Throughout the novella, an untamed natural environment symbolizes authenticity and thriving, while an immaculately landscaped environment symbolizes falseness and even oppression. The “controlled” yet empty beauty of the gardens at Baldry Court reflects Kitty’s effort to manufacture a happy environment for Chris; she and Jenny try to mold the natural world into something that will please Chris, but he’s ultimately unable to connect with the contrived kind of beauty they create. In contrast, Margaret is associated with the wilder (and implicitly more genuine) beauty on Monkey Island and in the Baldry estate’s outlying woods, and it turns out that this more spiritual kind of beauty is much more moving to Chris. Jenny also comments explicitly on the results of manipulating the natural environment, believing that ambitious people have “too greatly changed the outward world which is life’s engenderment,” giving the building of new towns and the planting of non-native flowers and trees as examples. She associates the desire to artificially control nature with degrading effects of modernity, like warfare and industrialization.
Landscape and Nature Quotes in The Return of the Soldier
You probably know the beauty of that view; for when Chris rebuilt Baldry Court after his marriage, he handed it over to architects who had not so much the wild eye of the artist as the knowing wink of the manicurist, and between them they massaged the dear old place into matter for innumerable photographs in the illustrated papers.
Here we had made happiness inevitable for him. I could shut my eyes and think of innumerable proofs of how well we had succeeded, for there never was so visibly contented a man: the way he lingered with us in the mornings while the car throbbed at the door, delighting just in whatever way the weather looked in the familiar frame of things, how our rooms burned with many-coloured brightness on the darkest winter day, how not the fieriest summertime could consume the cool wet leafy places of our garden; the way that in the midst of entertaining a great company he would smile secretly to us, as though he knew we would not cease in our task of refreshing him; and all that he did on the morning just a year ago, when he went to the front. . . .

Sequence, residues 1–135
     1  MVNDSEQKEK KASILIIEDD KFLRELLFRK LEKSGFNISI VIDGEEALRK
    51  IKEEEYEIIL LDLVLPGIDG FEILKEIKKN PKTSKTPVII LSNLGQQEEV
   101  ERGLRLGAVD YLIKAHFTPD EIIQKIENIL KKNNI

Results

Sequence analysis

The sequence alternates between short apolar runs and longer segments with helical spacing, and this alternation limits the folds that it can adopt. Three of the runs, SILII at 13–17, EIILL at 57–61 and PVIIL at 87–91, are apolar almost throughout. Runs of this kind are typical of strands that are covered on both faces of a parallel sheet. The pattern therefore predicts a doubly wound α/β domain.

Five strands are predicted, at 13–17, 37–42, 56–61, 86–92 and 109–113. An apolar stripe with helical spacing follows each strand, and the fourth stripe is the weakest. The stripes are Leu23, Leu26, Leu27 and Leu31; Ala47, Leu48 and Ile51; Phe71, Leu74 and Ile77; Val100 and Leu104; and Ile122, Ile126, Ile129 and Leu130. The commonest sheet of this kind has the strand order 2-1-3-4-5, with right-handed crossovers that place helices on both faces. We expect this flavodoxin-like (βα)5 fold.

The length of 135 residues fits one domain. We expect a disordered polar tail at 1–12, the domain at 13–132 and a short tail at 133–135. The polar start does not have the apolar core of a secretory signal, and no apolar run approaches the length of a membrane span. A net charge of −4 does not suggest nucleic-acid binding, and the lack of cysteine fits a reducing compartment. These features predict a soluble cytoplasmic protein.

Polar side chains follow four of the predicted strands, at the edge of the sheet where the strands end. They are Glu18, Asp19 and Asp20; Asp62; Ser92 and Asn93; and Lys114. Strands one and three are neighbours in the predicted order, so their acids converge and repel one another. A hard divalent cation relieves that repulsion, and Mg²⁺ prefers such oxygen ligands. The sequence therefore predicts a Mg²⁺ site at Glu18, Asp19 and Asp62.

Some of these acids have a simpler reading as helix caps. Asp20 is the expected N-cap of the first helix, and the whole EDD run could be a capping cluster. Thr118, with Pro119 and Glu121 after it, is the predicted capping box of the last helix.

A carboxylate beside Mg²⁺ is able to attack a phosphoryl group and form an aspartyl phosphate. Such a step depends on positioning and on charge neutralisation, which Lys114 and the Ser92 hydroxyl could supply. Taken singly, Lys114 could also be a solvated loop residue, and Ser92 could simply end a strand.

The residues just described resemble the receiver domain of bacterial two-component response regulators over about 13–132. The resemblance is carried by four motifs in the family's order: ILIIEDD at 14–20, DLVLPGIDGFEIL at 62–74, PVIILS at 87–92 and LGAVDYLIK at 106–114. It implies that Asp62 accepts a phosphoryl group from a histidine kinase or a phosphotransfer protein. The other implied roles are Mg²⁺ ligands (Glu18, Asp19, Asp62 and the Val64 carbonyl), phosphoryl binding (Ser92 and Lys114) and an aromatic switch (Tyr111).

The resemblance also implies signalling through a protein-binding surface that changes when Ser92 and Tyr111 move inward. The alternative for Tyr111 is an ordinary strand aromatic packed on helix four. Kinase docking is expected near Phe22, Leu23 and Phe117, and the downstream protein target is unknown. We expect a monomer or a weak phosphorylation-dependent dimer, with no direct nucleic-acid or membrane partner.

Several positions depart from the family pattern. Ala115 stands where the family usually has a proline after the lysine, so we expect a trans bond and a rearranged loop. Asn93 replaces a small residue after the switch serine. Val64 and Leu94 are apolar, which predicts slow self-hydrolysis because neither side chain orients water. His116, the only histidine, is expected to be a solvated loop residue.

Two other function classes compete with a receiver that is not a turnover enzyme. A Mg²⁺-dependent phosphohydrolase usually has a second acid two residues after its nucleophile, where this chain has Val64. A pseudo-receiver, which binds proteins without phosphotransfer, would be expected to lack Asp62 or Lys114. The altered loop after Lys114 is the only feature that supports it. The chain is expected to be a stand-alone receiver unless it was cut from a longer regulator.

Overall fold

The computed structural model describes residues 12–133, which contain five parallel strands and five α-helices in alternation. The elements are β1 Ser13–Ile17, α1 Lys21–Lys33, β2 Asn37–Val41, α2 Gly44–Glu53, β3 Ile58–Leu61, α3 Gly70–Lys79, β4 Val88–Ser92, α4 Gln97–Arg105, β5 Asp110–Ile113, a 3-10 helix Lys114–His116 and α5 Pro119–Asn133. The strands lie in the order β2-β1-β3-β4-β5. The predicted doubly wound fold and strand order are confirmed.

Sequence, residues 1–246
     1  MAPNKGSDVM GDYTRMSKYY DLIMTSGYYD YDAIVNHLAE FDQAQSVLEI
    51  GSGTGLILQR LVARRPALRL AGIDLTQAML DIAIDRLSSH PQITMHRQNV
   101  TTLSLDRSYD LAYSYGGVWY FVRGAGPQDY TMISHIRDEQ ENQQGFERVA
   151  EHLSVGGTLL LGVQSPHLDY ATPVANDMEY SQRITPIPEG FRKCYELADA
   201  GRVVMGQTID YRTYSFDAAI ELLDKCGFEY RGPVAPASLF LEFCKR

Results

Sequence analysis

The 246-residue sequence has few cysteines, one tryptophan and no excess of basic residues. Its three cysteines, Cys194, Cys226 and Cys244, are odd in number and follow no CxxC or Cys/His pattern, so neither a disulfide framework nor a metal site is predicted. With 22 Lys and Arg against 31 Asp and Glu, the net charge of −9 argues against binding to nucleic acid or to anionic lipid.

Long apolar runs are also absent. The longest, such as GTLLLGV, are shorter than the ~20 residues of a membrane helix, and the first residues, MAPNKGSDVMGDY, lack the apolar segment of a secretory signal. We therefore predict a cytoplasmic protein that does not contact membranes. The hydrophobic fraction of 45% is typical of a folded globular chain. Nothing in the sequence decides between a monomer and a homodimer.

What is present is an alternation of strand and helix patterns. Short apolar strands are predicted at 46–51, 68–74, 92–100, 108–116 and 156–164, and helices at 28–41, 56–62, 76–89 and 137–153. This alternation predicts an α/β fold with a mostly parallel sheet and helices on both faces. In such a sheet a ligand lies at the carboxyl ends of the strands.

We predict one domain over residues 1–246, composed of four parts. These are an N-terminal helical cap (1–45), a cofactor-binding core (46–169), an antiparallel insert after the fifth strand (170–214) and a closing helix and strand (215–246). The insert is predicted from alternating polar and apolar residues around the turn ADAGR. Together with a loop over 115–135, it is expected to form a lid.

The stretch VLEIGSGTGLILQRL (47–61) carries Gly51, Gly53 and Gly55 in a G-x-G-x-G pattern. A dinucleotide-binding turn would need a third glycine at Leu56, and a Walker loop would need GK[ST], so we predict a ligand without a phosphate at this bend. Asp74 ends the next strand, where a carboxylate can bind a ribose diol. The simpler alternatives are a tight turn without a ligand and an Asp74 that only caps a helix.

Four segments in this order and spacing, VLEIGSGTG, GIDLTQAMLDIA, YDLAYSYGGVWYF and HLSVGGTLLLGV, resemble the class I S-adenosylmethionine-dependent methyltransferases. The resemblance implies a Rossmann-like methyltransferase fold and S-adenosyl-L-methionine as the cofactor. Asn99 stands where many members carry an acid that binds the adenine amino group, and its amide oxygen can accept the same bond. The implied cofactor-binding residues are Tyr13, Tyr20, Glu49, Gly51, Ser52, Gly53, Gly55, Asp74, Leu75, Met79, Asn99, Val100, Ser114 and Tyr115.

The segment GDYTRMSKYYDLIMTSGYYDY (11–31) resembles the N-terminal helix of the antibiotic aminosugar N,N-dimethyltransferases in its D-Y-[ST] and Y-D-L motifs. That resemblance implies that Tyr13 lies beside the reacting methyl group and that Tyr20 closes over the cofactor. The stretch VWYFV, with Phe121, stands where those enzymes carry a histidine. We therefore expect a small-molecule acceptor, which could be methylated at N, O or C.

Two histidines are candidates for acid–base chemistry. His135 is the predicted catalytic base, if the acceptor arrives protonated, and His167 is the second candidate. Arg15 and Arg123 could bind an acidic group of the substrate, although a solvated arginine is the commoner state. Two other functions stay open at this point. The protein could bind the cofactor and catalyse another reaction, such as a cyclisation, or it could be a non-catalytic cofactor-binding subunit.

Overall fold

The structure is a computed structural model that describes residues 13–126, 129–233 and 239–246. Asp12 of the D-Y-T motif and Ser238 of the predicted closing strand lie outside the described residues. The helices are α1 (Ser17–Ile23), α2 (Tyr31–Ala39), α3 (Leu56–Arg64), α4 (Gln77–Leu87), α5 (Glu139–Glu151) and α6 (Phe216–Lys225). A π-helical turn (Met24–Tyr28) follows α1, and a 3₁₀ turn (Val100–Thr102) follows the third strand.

Wealdstone is not, in its way, a bad place; it lies in the lap of open country and at the end of every street rise the green hill of Harrow and the spires of Harrow School. But all the streets are long and red and freely articulated with railway arches, and factories spoil the skyline with red angular chimneys, and in front of the shops stand little women with backs ridged by cheap stays, who tapped their upper lips with their forefingers and made other feeble, doubtful gestures as though they wanted to buy something and knew that if they did they would have to starve some other appetite. When we asked them the way they turned to us faces sour with thrift. It was a town of people who could not do as they liked.
As the car swung through the gates of Baldry Court she sat up and dried her eyes. She looked out at the strip of turf, so bright that one would think it wet, and lit here and there with snowdrops and scillas and crocuses, that runs between the drive and the tangle of silver birch and bramble and fern. There is no aesthetic reason for that border; the common outside looks lovelier where it fringes the road with dark gorse and rough amber grasses. Its use is purely philosophic; it proclaims that here we estimate only controlled beauty, that the wild will not have its way within our gates, that it must be made delicate and decorated into felicity. Surely she must see that this was no place for beauty that has been not mellowed but lacerated by time, that no one accustomed to live here could help wincing at such external dinginess as hers.
I covered my eyes and said aloud, “In a minute he will see her face, her hands.” But although it was a long time before I looked again they were still clinging breast to breast. It was as though her embrace fed him, he looked so strong as he broke away. They stood with clasped hands, looking at one another (they looked straight, they looked delightedly!), and then as if resuming a conversation tiresomely interrupted by some social obligation, drew together again and passed under the tossing branches of the cedar to the wood beyond. I reflected, while Kitty wept, how entirely right Chris had been in his assertion that to lovers innumerable things do not matter.